Review: Stars of the Night

Stars of the Night: The Courageous Children of the Czech Kindertransport 

by Caren Stelson, illustrated by Selina Alko

Carolrhoda (imprint of Lerner Publishing Group), 2023

Category: Picture Books
Reviewer: Heather J. Matthews

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Opening with the Talmud quote “save one life, save the world,” Stars of the Night tells the nonfiction story of a group of children. With narration in the third person plural, the reader is transported to Prague, Czechoslovakia, in 1939. With a group of Jewish children ages from 7 to 10, we are shown scenes of sunny afternoon picnicking with mothers and hot chocolate-filled café nights with fathers. However, by November 1938, “something happened,” and the city of Prague is surrounded by tent camps filled with war refugees. Soon, the children begin to experience threats from local children, and the parents of Prague beginning making “arrangements” with a mysterious and unnamed man.

These nebulous arrangements, we find out later, come to fruition in March 1939, when war arrives to Prague. Almost overnight, the children are sent away on a train with suitcases and tickets strung around their necks, on what they are told is a “holiday to England.” From train to ship and train again, the children arrive in London, England, where they are picked up by their new foster families. As the decades pass, the Prague children now have children and grandchildren of their own. Finally, they learn the name of the man who saved them; Nicholas Winton, an English Jew who arranged for the transport of 669 Jewish children from Prague to London in order to save their lives.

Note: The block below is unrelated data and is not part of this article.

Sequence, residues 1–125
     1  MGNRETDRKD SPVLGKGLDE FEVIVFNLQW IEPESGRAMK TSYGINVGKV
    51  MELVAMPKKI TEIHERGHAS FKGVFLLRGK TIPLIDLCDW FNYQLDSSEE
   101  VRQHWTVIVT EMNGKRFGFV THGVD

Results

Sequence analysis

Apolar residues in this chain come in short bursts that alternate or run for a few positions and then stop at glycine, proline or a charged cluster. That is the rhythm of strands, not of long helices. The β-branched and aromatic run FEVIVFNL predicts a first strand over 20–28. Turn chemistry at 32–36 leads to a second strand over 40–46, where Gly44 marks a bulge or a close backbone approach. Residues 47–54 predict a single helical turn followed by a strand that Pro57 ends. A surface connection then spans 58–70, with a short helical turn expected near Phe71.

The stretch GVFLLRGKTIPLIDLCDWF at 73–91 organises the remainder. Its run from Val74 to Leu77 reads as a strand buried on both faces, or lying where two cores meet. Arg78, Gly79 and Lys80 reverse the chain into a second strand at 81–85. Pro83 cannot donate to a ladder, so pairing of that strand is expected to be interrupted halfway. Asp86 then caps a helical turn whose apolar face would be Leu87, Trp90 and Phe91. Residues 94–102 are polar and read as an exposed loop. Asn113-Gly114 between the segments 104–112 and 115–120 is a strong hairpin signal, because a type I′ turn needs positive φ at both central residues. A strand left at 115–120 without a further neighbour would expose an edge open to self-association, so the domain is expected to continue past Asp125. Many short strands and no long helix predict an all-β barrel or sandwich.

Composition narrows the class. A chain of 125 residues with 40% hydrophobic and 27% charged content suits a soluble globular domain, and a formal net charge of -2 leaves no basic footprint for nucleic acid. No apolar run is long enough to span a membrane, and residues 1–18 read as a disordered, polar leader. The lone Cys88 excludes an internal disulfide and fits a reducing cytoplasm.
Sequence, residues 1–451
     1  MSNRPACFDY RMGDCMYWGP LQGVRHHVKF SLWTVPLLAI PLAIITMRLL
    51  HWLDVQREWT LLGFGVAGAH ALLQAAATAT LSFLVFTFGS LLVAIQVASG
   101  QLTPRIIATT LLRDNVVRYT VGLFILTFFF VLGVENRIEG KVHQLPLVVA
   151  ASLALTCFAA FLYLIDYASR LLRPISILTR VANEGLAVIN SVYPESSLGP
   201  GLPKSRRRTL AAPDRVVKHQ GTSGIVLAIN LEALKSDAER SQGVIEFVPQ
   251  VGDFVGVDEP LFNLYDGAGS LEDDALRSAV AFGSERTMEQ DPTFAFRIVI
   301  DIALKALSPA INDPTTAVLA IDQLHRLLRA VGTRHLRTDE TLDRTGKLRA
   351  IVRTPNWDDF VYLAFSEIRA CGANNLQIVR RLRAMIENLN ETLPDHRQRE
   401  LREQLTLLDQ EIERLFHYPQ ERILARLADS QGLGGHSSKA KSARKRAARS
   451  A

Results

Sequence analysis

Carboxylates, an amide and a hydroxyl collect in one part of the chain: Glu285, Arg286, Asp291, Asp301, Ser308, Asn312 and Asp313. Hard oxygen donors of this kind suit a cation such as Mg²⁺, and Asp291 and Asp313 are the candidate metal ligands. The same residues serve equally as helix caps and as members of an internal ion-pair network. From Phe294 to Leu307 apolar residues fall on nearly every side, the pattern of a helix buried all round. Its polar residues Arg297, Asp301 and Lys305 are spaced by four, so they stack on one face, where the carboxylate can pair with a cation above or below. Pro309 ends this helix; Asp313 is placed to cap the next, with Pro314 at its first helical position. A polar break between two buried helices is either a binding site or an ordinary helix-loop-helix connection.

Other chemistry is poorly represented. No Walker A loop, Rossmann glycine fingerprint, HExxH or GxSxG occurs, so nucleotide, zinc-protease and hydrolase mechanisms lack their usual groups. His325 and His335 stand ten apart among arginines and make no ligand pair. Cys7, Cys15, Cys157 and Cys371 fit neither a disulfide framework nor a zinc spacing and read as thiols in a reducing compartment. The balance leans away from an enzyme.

The book closes with a set of back matter items: a definition of Kindertransport, Winton’s Kindertransport timeline, information about some of Winton’s Children who were interviewed for this book, information about Yad Vashem, notes by the author and illustrator, book sources, and recommended texts for further reading. We learn that Winton’s efforts went unknown until 1988, and that the quote which opened the text was engraved on a ring given to Winton by his children, in gratitude for the lives he saved and the lives he made possible. The back matter of this book is what takes the narration to a higher level. Both the author and the illustrator take this space to reflect on their Jewish background as well, which I was also pleased by.

With this all said, the Jewish representation in the book in integral to all elements of the book. At its core, the Kindertransport was based upon the Jewish identity of the children – were the children not Jewish, and the Czech Kindertransport (and this book) simply would not have happened. At the same time, we do not see the children’s Judaism in any of the art. We are told the children are Jewish, but we don’t see them practicing their Judaism. There is nothing in the book which is inappropriate for a child reader, and the information presented is accurate and has been rigorously researched and vetted.